On 11 November 2020, the European Data Protection Board (“EDPB”) issued two draft recommendations relating to the rules on how organizations may lawfully transfer personal data from the EU to countries outside the EU (“third countries”).  These draft recommendations, which are non-final and open for public consultation until 30 November 2020, follow the EU Court of Justice (“CJEU”) decision in Case C-311/18 (“Schrems II”).  (For a more in-depth summary of the CJEU decision, please see our blog post here and our audiocast here. The EDPB also published on 24 July 2020 FAQs on the Schrems II decision here).

The two recommendations adopted by the EDPB are:

Draft Recommendations on Supplementary Measures

The EDPB in its Draft Recommendations on Supplementary Measures sets out a six-step process that organizations should follow when they transfer personal data from the EU to a third country.

The six steps are as follows:

  1. Data exporters should know their transfers, by recording and mapping their transfers, including onward transfers—for instance, where processors outside the EEA transfer personal data to a sub-processor in the same or another third country.
  2. Data exporters should identify the transfer tools relied on for their transfers, which may include adequacy decisions, Article 46 GDPR transfer tools (including the SCCs and Binding Corporate Rules), or derogations under Article 49 GDPR.
  3. If relying on an Article 46 GDPR transfer tool (such as SCCs), data exporters should assess whether the mechanism affords a level of protection in the third country that is “essentially equivalent” to that guaranteed in the EU. (The CJEU in Schrems II established this principle that the protections in the third country should be “essentially equivalent” to that in the EU.)  The EDPB states that this assessment should be conducted with due diligence and thoroughly documented (paragraph 42).
    • The EDPB emphasises that this assessment should pay close attention to any laws in the third country that lay down requirements to disclose personal data to public authorities or grant public authorities powers to access personal data (e.g., for criminal law enforcement, regulatory supervision, and national security purposes). The EDPB emphasises that such assessments should be based on publicly available legislation as well as other sources of information, including “precedent” and “practice”.
    • The EDPB’s Recommendations on EEG (discussed below) set out the specific elements to be considered when determining whether such requirements or powers granted to public authorities are limited to what is regarded as justifiable interference—and therefore not impinging on the commitments taken in the Article 46 GDPR transfer tool.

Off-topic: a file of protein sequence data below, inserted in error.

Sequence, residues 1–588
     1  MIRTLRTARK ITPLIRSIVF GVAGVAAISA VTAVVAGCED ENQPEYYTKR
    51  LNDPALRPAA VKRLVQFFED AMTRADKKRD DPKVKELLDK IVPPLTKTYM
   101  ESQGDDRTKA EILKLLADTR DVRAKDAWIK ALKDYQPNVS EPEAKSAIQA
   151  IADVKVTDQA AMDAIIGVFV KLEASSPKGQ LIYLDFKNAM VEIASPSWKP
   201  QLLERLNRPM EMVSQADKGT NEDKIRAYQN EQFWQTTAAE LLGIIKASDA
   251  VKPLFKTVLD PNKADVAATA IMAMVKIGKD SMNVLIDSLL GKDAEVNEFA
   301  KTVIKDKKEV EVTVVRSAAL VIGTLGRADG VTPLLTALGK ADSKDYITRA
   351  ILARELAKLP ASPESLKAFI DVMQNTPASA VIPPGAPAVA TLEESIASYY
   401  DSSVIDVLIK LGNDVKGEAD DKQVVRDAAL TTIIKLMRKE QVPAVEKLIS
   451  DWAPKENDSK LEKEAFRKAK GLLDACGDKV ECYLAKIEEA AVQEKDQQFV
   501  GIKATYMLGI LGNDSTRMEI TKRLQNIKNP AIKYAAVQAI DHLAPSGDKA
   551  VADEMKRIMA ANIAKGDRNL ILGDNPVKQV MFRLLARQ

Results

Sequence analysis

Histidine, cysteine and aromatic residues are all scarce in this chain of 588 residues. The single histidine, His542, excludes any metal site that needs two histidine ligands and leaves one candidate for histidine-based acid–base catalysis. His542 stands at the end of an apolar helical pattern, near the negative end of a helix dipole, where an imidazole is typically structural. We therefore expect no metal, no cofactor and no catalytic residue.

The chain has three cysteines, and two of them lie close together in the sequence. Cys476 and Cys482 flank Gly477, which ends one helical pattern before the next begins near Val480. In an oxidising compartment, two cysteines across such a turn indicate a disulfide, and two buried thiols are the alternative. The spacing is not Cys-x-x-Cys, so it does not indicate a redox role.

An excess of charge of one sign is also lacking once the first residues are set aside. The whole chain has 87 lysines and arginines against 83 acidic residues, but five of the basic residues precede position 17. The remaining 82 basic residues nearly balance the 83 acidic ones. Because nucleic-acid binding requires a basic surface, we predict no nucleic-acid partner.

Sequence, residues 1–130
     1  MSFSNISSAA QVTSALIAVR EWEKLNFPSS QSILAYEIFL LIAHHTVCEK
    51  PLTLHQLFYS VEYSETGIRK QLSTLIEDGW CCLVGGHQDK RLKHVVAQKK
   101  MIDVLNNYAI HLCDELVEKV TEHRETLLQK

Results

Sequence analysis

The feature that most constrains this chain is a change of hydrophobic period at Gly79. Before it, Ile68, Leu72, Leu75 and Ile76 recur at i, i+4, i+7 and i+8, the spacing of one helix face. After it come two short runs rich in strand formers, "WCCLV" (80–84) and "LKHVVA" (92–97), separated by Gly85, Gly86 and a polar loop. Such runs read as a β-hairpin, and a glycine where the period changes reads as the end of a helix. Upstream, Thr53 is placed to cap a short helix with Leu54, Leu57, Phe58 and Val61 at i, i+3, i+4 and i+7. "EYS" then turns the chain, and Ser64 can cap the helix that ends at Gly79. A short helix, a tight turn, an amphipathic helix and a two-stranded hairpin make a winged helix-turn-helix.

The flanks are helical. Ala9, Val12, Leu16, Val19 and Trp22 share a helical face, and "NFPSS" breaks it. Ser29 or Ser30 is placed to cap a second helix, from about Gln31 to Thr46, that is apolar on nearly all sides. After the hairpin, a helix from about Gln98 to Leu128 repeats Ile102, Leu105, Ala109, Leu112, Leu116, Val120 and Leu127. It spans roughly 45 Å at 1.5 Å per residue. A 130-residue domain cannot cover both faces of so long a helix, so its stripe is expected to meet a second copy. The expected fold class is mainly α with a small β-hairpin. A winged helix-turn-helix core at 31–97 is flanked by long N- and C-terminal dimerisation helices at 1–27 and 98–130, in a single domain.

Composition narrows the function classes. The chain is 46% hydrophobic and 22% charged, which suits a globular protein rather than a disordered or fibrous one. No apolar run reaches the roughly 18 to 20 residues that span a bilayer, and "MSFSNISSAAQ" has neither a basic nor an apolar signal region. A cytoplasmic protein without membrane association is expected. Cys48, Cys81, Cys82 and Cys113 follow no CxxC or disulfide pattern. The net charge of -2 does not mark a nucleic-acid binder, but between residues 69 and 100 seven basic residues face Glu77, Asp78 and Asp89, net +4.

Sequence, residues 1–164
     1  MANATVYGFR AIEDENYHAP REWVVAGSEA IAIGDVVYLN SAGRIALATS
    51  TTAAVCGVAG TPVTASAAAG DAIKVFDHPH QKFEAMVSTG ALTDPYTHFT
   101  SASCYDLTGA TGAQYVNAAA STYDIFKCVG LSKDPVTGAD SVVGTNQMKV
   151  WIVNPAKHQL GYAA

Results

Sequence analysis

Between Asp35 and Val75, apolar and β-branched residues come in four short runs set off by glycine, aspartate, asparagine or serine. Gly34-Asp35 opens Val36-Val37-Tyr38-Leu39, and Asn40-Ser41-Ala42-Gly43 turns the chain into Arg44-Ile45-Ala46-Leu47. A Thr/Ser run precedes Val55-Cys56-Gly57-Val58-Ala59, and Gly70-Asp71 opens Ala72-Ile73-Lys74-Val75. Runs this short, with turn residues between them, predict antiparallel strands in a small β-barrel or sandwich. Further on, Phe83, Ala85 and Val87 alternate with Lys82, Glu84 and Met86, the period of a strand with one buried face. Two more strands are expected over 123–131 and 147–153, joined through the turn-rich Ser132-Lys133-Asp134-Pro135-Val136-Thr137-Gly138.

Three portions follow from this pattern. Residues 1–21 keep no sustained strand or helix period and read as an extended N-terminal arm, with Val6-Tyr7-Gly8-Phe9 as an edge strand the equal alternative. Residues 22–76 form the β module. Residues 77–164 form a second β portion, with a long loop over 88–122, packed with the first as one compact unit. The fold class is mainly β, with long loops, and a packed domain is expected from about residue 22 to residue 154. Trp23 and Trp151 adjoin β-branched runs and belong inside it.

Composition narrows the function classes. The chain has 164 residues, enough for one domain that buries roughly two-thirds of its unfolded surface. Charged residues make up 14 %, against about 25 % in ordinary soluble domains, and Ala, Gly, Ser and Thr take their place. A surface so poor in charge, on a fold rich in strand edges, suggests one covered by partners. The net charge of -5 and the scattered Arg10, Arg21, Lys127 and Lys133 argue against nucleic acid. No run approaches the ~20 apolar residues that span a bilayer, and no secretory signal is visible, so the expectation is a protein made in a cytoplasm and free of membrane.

4. If the assessment under step 3 reveals that the Article 46 GDPR transfer tool is not effective, data exporters should, in collaboration with the data importer, adopt supplementary measures to ensure that the data transferred is afforded in the third country a level of protection essentially equivalent to that in the EU.
    • The EDPB considers that supplementary measures may have a contractual, technical or organizational nature, and emphasises the role of technical measures.
    • Annex 2 of the Draft Recommendations sets out detailed guidance on supplementary measures that may be adopted in specific scenarios.
  5. Data exporters should take any procedural steps required to implement effective supplementary measures—for example, by obtaining authorization from a competent EU supervisory authority to adopt any supplementary measures that contradict the SCCs.
  6. Data exporters, in collaboration with data importers, should re-evaluate at appropriate intervals the developments in the third country to which the personal data has been transferred. Data transfers should be promptly suspended or ended where the data importer has breached or is unable to honour the commitments it has taken in the Article 46 GDPR transfer tool or the supplementary measures are no longer effective in that country.

Recommendations on EEG

The Recommendations on EEG identify four European Essential Guarantees, which must be respected to ensure that interferences with the rights to privacy and protection of personal data do not go beyond what is necessary and proportionate in a democratic society, as required by settled CJEU and European Court of Human Rights (“ECtHR”) case law.  These European Essential Guarantees are:

  1. The processing should be based on clear, precise and accessible rules;
  2. The measures adopted must be necessary and proportionate with regard to the legitimate objectives pursued, and the necessity and proportionality of such measures need to be demonstrated;
  3. An independent oversight mechanism must be in place; and
  4. Individuals whose data is processed must have access to effective remedies.

When data exporters assess a third country’s laws to determine whether the level of protection in the third country that is essentially equivalent to that are guaranteed in the EU, they must assess whether any laws allowing public authorities to demand disclosure or obtain access to personal data meet these European Essential Guarantees.  These European Essential Guarantees should therefore form the backbone of transfer impact assessments that organizations carry out following the Schrems II decision and to take the third step outlined in the Draft Recommendations on Supplementary Measures discussed above.

Next Steps

Taken together, the Draft Recommendations on Supplementary Measures and the Recommendations on EEG raise a number of practical challenges. We encourage companies to provide their feedback on the Recommendations on Supplementary Measures as part of the public consultation process, which is open from 11 November 2020 to 30 November 2020.  If you have any questions concerning the material discussed in this blog post, please contact the Covington team.